How to Make Email Stress-Free

By 24th January 2018 February 5th, 2020 No Comments

Email is the most used communication tool today. However, managing email isn’t always easy. Have you ever felt stressed out about receiving too many emails? Right, you are not the only one.

As it is with anything we use constantly, when not well managed, emails get messy and it gets hard to find the information you want, stressing you out, and here we go again.

And while you consume hours and hours of your day to get your messy Inbox on track, more emails are coming in. And then you start feeling guilty if you’re not answering your messages.
Ok, let’s cool down.
Email does not have to be stressful, it’s just a tool invented to make your life easier. And it works for you, not the other way around. It’s time for you to take the grip and command your inbox!

So in this article, I’ll be showing how you can make use of tools and ideas in order to simplify your life and make the most of your email.

Clean up. Always.

You won’t know where to go if you don’t know where you are. Start your work by decluttering what you already have. Separate your emails into folders, delete and archive what you don’t need, as they come. I spoke about organizing your email in this article.

An inbox with fewer messages helps you focus on what truly matters. Start decluttering your messages today and I bet you’ll see a difference.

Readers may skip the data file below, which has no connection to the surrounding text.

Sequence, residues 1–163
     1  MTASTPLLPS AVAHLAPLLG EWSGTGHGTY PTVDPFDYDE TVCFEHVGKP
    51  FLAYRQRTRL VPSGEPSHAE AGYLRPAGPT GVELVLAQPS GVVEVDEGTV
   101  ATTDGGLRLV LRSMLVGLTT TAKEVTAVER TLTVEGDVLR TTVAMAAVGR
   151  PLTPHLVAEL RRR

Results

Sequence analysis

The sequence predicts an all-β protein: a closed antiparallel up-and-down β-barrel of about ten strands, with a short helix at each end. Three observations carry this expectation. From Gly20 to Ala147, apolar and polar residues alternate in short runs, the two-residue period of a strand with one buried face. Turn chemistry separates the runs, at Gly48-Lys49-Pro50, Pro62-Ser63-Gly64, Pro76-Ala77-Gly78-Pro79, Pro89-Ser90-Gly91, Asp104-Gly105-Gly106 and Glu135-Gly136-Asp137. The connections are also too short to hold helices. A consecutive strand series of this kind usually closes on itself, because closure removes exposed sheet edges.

Personally, it makes my day when all my messages fit on one single screen, so my email inbox doesn’t have a scrollbar. Every time I have to scroll down to find something it feels like I have to clean up. Of course, you don’t need to get obsessed with it, but accept this challenge and see what changes for you.

Clean up, and while you do so, also think about how more productive you will become. Have you ever heard of Inbox Zero? Basically, it’s a method in which you keep your inbox empty — or as close to it as possible — at all times. It is worth the try.

Of course, you don’t have to become an email-freak, but keep in mind that with the less you have, the most you’ll achieve with your productivity.

Define clear timeframes.

Okay, everything is clean and tidy! It even feels like it’s a new email.

— Oh, wait, a new email!

— Another one!

Don’t rush. A key to being stress-free is changing your mood and behavior towards email.